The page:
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The first modern solitary Agariciidae (Anthozoa, Scleractinia) revealed by molecular and microstructural analysis

Invertebrate Systematics
CSIRO Publishing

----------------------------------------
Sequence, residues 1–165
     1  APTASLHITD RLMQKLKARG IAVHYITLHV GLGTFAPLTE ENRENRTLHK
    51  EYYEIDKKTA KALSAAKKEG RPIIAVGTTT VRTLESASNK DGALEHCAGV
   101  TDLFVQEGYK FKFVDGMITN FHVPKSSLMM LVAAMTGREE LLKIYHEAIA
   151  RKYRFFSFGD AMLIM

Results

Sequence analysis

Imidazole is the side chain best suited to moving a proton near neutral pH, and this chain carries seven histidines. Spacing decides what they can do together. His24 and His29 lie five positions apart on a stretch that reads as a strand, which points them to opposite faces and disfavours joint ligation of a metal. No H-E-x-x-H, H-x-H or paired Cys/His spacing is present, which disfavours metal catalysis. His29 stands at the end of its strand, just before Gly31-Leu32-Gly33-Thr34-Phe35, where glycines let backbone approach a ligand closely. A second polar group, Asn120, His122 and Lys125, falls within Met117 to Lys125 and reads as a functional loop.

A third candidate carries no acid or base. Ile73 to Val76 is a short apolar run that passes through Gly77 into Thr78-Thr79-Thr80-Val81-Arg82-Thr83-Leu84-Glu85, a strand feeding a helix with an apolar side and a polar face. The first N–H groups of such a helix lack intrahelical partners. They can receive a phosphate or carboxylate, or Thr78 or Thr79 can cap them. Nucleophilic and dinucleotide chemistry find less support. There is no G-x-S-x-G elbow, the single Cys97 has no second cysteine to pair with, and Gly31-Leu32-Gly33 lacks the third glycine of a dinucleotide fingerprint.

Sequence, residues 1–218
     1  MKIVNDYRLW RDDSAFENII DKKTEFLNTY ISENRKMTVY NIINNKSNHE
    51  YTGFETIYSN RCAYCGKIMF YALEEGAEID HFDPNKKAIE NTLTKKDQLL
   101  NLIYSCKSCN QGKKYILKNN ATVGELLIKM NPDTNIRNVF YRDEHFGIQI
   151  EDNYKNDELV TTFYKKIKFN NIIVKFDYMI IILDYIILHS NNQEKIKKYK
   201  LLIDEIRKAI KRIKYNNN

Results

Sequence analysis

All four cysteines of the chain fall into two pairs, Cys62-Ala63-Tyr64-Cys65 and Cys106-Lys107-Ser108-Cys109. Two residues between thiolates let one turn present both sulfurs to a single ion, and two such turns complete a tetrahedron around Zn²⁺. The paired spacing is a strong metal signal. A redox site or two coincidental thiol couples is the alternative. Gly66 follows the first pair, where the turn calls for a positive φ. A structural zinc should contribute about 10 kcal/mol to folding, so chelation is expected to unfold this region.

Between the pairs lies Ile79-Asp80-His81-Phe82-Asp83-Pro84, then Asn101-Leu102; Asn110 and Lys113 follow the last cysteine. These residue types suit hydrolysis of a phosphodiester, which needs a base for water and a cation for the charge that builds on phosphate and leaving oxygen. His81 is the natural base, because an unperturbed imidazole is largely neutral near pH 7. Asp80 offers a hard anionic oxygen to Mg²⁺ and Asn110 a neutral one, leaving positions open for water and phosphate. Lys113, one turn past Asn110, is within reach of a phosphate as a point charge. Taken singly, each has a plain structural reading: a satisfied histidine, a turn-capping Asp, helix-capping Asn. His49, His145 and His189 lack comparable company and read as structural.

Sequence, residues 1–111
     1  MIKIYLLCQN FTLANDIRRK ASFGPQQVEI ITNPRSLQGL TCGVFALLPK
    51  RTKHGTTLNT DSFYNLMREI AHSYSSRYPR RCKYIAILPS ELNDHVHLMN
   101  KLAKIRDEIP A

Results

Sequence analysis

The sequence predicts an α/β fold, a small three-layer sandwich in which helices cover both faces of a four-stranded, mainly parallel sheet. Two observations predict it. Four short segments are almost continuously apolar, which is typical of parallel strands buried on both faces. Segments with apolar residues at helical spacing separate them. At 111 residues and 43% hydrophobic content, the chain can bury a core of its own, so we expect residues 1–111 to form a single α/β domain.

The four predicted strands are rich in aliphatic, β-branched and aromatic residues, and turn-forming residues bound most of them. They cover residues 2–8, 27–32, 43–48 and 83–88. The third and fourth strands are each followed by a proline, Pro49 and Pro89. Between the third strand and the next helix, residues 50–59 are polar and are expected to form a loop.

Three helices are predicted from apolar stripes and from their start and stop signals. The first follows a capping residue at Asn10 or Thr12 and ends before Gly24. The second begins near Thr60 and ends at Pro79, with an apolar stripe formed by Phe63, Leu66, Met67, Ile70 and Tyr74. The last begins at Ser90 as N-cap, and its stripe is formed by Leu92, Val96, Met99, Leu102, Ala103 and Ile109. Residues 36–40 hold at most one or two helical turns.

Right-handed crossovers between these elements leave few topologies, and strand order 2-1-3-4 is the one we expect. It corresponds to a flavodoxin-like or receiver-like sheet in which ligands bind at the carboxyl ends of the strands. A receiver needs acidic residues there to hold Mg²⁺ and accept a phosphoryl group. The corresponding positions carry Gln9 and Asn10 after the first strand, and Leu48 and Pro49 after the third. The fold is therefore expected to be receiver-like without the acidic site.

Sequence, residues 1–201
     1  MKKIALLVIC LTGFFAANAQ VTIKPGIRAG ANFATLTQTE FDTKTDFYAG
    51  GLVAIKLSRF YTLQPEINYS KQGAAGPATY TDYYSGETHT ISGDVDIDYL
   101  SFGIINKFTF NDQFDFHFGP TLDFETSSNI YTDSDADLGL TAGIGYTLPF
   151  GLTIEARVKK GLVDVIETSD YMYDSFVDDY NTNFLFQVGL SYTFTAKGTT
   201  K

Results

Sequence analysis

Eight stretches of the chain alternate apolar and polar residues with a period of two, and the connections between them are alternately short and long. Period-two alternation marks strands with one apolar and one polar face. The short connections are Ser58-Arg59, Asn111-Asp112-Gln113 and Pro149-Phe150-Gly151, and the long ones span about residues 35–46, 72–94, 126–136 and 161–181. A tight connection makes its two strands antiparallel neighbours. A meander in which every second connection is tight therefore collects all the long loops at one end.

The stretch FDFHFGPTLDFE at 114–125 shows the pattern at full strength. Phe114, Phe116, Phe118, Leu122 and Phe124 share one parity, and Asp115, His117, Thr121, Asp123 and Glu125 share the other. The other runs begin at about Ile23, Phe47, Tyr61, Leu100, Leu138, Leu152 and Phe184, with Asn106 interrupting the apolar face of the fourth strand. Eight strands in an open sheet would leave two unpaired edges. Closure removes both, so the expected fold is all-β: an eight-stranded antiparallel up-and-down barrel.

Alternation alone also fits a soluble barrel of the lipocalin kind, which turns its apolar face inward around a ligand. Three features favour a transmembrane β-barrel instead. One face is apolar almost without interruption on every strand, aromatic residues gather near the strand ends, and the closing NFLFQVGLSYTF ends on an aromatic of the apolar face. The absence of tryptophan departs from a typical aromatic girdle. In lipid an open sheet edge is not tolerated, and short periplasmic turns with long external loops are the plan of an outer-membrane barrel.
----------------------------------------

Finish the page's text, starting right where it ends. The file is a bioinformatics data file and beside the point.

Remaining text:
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Dactylotrochus cervicornis (= Tridacophyllia cervicornis Moseley, 1881), which occurs in Indo-Pacific waters between 73 and 852 m, was originally described as an astraeid but was later transferred to the Caryophylliidae. Assumed to be solitary, this species has no stolons and only one elongated fossa, and is unique among azooxanthellate scleractinians in often displaying extremely long thecal extensions that are septate and digitiform. Based on both molecular phylogenetic analyses (partial mitochondrial CO1 and 16S rDNA, and partial nuclear 28S rDNA) and morphological characteristics, we propose the transfer of D. cervicornis from the Caryophylliidae to the Agariciidae, making it the first extant representative of the latter family that is solitary and from deep water (azooxanthellate). The basal position of D. cervicornis within the agariciids implied by our analyses strengthens the case for inclusion of fossil species that were solitary, such as Trochoseris, in this family and suggests that the ancestor of this scleractinian family, extant members of which are predominantly colonial and zooxanthellate, may have been solitary and azooxanthellate.

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